Farmers looking for an advantage in the battle against unwanted plants in their fields have a new tool in the toolbox: flame weeding.
Researchers at the University of Nebraska have developed a propane heat system to kill weeds without damaging the surrounding crops. The practice is already popular with organic farmers.
While the technology sounds brand new, the practice of flame weeding dates back to the 19th century, and the first known patents on flame weeding equipment were issued in the 1860s. The method, also known as “flaming,” gained popularity in the early 20th century and continued into the 1960s when pesticides became popular.
The research led to the founding of a company, Agricultural Flame Innovations, which has been selling equipment since 2012.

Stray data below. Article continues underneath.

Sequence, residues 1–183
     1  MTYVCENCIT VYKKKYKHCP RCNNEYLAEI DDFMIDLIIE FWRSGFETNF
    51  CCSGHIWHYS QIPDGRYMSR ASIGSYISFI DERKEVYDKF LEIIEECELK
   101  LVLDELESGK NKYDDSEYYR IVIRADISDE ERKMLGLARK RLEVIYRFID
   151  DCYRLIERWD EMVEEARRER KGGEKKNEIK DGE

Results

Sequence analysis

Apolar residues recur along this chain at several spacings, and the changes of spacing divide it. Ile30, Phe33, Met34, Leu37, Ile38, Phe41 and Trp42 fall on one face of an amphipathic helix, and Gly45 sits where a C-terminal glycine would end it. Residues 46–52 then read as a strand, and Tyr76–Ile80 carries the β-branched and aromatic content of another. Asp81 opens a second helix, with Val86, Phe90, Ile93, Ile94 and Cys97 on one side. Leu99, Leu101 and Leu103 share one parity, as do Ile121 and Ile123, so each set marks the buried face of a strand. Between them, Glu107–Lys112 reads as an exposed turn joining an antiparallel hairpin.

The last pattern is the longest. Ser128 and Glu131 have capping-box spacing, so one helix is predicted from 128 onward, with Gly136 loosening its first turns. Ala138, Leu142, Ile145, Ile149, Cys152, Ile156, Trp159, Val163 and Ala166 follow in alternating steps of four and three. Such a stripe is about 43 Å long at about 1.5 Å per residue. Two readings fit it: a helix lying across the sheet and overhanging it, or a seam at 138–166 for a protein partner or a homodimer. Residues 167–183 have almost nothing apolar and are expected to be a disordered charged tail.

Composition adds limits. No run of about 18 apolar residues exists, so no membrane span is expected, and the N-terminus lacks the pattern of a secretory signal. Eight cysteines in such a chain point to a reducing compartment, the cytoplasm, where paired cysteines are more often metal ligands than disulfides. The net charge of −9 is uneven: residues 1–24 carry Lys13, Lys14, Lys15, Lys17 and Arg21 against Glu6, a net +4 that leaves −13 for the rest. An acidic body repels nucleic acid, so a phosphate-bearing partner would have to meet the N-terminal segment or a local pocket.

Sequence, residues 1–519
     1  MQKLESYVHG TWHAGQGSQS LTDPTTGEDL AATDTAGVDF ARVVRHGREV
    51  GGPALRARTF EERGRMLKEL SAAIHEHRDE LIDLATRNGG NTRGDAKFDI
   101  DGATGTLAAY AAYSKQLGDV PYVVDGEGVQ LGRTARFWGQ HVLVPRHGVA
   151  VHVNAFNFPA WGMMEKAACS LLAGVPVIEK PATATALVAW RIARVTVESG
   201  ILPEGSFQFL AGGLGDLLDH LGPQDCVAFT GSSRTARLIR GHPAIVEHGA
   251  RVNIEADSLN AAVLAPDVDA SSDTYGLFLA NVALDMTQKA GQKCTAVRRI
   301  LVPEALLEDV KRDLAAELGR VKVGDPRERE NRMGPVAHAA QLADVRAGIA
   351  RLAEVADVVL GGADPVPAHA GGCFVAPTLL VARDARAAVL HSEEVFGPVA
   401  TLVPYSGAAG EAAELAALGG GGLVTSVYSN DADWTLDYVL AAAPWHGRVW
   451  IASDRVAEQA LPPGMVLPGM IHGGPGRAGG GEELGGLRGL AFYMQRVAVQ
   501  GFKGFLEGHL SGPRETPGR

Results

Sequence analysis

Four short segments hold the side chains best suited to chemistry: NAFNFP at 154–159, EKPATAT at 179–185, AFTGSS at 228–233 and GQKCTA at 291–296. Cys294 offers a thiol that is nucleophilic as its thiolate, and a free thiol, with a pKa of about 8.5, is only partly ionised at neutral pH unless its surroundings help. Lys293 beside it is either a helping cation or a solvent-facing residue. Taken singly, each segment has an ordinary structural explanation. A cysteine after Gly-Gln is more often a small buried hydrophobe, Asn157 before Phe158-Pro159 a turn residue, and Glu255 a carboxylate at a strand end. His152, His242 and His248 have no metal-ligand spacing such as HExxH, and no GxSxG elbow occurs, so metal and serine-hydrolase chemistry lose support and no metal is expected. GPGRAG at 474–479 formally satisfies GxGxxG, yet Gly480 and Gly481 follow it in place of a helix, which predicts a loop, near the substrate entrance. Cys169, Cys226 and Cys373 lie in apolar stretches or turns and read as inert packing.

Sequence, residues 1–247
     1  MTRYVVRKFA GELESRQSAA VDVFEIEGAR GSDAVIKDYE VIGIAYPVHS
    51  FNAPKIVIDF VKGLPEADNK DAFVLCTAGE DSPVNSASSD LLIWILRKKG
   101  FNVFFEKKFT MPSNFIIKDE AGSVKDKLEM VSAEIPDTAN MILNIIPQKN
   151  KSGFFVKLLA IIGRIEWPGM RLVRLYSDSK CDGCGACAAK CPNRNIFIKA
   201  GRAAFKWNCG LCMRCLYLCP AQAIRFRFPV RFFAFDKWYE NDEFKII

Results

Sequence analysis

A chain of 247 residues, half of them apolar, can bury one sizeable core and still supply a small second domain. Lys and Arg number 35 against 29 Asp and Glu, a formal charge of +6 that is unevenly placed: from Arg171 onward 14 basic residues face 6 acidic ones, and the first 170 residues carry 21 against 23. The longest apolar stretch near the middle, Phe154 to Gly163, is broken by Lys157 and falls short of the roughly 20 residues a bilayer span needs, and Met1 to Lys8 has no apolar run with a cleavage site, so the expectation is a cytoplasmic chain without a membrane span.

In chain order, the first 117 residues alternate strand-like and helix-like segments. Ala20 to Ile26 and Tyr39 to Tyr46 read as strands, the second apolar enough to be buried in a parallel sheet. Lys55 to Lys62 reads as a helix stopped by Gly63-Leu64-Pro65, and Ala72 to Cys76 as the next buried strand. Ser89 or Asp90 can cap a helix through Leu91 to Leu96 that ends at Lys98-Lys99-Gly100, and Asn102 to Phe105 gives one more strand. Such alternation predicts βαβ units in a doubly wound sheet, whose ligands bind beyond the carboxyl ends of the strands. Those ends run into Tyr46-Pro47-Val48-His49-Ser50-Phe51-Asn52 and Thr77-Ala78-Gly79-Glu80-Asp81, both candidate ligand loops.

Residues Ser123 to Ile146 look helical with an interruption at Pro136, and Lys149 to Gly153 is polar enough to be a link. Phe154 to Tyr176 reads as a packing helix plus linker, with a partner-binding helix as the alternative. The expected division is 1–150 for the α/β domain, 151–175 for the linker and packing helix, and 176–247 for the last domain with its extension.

The flame weeder consists of torch ends and burners connected to a propane tank mounted onto the back of a tractor. The burners produce a carefully controlled flame that briefly passes over weeds. The heat essentially explodes the weeds’ cells, disrupting water and nutrient flow, killing the leaves and preventing photosynthesis, and turning the visible portion of the weed into ash. The ash mixes with soil and is not harmful to other plants.